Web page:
Balanchine & Ashton were lucky they had nascent companies and space to create as much as they wanted, to make mistakes and lived in a time when ballet was seen as relevant, or at least more relevant than it is now.

But to yearn for a past which probably never truly existed in the first place, to attach to it a quality of a halcyon nirvana to aspire to is a death knell. If ballet's apogee is historical and it's salvation as an art form is nothing but looking back and regressing,then perhaps it'll deserve to be relegated to the forgotten & dead languages file.

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My concern is that without new works ballet becomes a dead language like Latin: a relative handful of specialists pore over the old masterworks, a few students learn to read them -- maybe write a sentence or two themselves for practice -- and the real conversation takes place in another language.

Kathleen, but if there's something highly unlikely to happen, is the fear to start having just a "few students" that will be able to "write a sentence or two themselves for practice"-(this translated into the ballet world as a few ballet students able to learn a couple of ballet exercises for themselves). Reality is, ballet schools, ballet technique and ballet competitions are fierce and in high demand. More and more kids are trying to get into companies, and they are sharper than ever. The feeling is certainly very enthusiastic, and even better than that...the kids want to dance the classics, and dance it good. I will always remember when I read Kirkland's book, and her internal struggling when she realized that she wanted to dance the classics, having to leave NYCB in order to do so. I sill this is still happening.

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Reality is, ballet schools, ballet technique and ballet competitions are fierce and in high demand. More and more kids are trying to get into companies, and they are sharper than ever. The feeling is certainly very enthusiastic, and even better than that...the kids want to dance the classics, and dance it good. I will always remember when I read Kirkland's book, and her internal struggling when she realized that she wanted to dance the classics, having to leave NYCB in order to do so. I sill this is still happening.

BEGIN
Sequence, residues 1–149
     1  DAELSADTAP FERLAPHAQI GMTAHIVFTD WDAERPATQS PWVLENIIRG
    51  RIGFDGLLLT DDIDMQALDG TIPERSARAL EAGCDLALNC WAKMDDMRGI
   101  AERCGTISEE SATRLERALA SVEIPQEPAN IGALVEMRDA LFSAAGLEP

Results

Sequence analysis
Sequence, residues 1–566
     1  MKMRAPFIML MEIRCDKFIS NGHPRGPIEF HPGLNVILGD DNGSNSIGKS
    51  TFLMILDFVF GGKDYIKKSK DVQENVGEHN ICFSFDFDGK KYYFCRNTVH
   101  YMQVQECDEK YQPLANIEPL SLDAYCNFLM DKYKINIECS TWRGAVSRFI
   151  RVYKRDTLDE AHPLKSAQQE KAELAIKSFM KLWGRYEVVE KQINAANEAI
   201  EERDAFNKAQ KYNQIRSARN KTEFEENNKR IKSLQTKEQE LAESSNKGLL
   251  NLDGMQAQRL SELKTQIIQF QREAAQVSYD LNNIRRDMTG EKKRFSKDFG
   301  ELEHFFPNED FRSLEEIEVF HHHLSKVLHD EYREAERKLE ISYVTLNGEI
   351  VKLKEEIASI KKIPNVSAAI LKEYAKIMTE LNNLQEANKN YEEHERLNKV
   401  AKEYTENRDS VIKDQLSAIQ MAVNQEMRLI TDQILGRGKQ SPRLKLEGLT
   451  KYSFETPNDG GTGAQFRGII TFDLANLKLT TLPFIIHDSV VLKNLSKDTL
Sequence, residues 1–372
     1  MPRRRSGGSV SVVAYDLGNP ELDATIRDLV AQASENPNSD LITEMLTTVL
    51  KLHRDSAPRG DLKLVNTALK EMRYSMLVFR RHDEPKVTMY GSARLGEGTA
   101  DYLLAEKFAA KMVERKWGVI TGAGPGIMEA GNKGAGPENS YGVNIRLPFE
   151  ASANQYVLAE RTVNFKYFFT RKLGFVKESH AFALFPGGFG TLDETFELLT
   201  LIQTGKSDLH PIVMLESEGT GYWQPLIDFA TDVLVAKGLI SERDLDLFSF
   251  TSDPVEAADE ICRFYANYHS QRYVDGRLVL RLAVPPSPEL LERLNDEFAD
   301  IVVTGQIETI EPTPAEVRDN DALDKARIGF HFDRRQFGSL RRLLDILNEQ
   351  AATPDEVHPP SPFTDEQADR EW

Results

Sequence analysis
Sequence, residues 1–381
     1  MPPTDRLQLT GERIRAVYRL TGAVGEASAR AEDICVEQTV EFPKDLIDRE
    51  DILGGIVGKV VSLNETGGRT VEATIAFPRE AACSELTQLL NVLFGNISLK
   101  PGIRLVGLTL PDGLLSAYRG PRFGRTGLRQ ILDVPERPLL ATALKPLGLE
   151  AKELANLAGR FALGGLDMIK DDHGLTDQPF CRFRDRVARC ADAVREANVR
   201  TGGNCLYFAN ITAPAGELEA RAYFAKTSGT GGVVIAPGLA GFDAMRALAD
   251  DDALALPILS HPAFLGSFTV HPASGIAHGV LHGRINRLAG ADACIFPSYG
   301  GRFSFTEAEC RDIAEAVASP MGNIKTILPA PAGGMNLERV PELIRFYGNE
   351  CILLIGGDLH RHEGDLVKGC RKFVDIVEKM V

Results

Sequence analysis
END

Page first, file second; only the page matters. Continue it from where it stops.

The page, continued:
I'm not sure I agree with this summation CMB, competitions are really increasingly seen as a passport to a company job, in a field in which jobs are becoming scant, companies having funding cut, companies downsizing or closing altogether and the few entry positions narrowing and with dancers holding on to jobs for longer than usual at corps level.

An astounding talent will always be given room, but with technique becoming so homogenised and prevalant there are too many dancers being trained for too few positions if any. Coupled with the fact that dance training is astronomically expensive - it's why foreign dancers go for the Prix de Lausanne for the Royal Ballet scholarship - because it's the best bet for a job with a company that offers 52 week contracts and a modicum of job security.

Especially in the current climate who can afford to train their children and even if one could who would want their children to graduate with no qualifications, into a field with fewer and fewer job opportunities or future and definitely no financial security?

In regards to the question of nurturing new choreographic talent, something struck me, what exactly do you (general you) want to see choreographed? Without an underlying intellectual and emotional and artistic intelligence even the prettiest of pretty dances is just that a dance.

A great choreographer has something to say, the problem is will anyone want to listen?

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I personally think it's important to have new works to keep ballet vibrant. I think Kathleen's language analogy is a good one .